Continuing the expansion of its real-time Web search, which was first announced in December, Google has added updates from Facebook Fan Pages to its data source. This allows access to Facebook’s three million Fan Pages, but not to data from all of the social media network’s 400 million active users.
This means that status updates, links, photos and videos shared on Fan Pages are now indexed by Google Real Time Search, making Facebook the latest addition to Google’s real-time initiative that includes Twitter, MySpace, FriendFeed, Jaiku, Indenti.ca, and most recently, of course, Google Buzz.
Comments made on Facebook Fan Pages by non-owners, however, are not included in the search index, nor are updates made on personal pages. As opposed to the massive amounts of data potentially available through Facebook’s network of personal pages, Fan Pages are generally owned by celebrities, politicians, businesses and brands.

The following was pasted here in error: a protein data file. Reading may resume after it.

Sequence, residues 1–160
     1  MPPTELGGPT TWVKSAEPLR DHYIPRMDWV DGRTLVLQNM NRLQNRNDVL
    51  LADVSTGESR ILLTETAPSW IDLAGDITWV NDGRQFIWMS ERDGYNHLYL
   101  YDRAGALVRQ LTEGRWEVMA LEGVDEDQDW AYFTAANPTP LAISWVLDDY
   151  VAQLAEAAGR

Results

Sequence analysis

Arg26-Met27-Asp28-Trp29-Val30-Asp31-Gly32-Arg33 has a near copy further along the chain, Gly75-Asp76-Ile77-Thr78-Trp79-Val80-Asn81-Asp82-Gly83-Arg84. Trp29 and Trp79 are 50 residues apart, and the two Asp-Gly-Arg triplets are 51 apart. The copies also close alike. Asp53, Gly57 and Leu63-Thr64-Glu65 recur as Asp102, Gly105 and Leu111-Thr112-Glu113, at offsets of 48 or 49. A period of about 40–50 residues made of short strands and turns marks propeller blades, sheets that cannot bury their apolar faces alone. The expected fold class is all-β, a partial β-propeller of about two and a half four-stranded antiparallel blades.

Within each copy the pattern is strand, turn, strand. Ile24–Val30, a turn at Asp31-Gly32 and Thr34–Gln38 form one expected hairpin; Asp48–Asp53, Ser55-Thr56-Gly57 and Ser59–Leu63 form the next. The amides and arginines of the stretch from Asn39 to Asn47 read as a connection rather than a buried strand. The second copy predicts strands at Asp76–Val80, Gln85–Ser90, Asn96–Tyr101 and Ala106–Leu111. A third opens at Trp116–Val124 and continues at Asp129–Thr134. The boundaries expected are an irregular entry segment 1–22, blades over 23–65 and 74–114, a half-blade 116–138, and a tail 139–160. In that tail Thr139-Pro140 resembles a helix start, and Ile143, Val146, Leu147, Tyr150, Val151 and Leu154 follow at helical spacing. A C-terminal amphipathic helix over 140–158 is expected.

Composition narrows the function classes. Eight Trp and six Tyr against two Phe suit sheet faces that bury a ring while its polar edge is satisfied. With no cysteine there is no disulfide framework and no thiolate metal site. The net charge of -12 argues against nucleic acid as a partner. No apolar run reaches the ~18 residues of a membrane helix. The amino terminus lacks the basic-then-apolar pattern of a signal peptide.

While Facebook is granting full access to the much more voluminous public user updates to Bing’s real-time Web search, nothing is live yet and Bing’s index remains non-functional. How this all will affect the search-engine landscape, 90 percent of which currently belongs to Google, remains to be seen. But for the time being, at least, anyone hoping to capitalize on the latest opportunity to land on Google’s search index will want to explore Facebook Fan Pages—if they haven’t already.
Earning access to the Fan Pages rather than Facebook’s entire user network, theoretically, denies Google a significant amount of data for its index. But are updates from 400 million Facebook users what people want to find in their search results? We should have the answer when Bing’s real-time Web search eventually goes live.